eCommerce, Delivery to Gain from Pain at Pump

The pain at the pump will be what drives us more fully away from driving to the store.

And more firmly entrenched with the digital habits reinforced by the pandemic.

Namely: Getting things delivered to the doorstep.

It seems those obituaries being written for eCommerce seem to be greatly exaggerated, not to mention premature. We’re seeing a bit of conventional wisdom fly out the door, with the latest Census data this week that showed sales at “non-store” retailers — that would be a proxy for eCommerce — up 9.9% from a year ago, as measured through the past five months.

We point out, too, that these gains come on top of 2021, where eCommerce had already been surging in the wake of various waves of stimulus payments and tax credits.

Drill down a bit, and the 14.3% “contribution” on non-store retail sales to total retail sales adds some additional credence to the sentiment that spending online still has momentum, despite the great reopening.

There’s some reason to believe that even the most recently reported data may be revised upwards. The numbers reported this week advance data and will be revisited by the Bureau.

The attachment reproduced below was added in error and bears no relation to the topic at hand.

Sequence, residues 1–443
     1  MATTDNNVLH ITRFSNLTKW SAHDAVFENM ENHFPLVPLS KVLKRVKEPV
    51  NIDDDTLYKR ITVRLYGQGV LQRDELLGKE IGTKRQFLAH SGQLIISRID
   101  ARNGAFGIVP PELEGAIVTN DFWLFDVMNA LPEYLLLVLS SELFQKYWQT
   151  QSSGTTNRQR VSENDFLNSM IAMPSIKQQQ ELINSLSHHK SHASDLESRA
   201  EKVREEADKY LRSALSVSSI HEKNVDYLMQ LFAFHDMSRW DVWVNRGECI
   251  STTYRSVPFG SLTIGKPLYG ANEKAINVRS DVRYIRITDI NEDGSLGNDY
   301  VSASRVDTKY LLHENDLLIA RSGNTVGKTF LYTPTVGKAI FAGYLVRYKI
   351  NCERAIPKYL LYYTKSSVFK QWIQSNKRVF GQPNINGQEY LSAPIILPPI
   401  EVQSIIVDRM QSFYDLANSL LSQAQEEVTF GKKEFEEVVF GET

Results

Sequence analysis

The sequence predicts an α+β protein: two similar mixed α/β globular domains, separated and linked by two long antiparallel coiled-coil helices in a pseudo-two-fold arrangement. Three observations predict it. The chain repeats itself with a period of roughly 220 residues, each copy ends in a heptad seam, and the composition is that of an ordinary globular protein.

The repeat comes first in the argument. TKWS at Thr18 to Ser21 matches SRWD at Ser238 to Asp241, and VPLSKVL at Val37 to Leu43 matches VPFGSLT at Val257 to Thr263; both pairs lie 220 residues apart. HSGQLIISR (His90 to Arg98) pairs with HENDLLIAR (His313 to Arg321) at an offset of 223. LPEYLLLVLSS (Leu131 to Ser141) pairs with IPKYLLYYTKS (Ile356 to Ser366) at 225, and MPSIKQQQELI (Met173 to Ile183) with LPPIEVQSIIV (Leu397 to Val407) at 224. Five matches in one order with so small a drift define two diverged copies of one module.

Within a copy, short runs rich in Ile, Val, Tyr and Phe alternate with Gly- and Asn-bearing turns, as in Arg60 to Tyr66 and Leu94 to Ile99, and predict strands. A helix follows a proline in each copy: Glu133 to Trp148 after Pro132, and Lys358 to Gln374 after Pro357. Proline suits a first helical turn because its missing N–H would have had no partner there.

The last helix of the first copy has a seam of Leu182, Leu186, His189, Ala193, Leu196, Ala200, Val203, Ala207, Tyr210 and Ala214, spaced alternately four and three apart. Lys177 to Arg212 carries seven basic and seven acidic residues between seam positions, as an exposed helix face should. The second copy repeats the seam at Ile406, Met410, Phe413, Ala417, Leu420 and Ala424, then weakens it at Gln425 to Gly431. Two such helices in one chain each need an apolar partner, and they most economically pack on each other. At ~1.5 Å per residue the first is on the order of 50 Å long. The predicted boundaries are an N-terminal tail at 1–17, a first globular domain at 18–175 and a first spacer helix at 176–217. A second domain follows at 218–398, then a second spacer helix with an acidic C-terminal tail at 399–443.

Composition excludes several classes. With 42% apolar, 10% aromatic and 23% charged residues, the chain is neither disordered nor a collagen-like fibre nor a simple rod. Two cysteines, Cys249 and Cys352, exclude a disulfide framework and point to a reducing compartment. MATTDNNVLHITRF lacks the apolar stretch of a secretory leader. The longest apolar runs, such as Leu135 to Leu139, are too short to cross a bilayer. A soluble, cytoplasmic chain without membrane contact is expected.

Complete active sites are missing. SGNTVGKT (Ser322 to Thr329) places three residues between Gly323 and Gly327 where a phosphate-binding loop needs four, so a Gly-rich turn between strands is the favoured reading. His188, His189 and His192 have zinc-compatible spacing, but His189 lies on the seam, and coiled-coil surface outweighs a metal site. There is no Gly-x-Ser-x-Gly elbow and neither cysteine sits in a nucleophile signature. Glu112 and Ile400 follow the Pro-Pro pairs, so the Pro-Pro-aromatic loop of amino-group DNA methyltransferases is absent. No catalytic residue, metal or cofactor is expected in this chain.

As Karen Webster noted in this space last month the historical trend of growth in the share had continued and the pandemic had never happened would be about 13.7%, and we contend that the latest information shows a relatively larger share attributed to eCommerce.

Still a Significant Share of Overall Retail Spending  

 If retail sales growth slows, or if there’s an actual decline, but the percentage of spending done digitally increases, then we’re seeing that spending habit take real root among consumers.

There’s no real reason to think that commerce is an either/or proposition — that you either shop online or you shop in-store.

There’s plenty of room for both. Various PYMNTS data points show that 43% of consumers are using restaurant aggregators for orders, and 33% are going online for travel planning/  Marquee names in commerce such as Amazon and Walmart are busy retooling their middle and last miles to speed up delivery windows and make getting things to the doorstep a more attractive option.

Exogenous factors come to bear on consumers’ mindset and wallet share as they mull ways to cut costs.  Staying put and having the goods and merchants come to you may seem a more enticing option — and it avoids the pain of having to go out and get to the store only to find that what’s been desired is out of…


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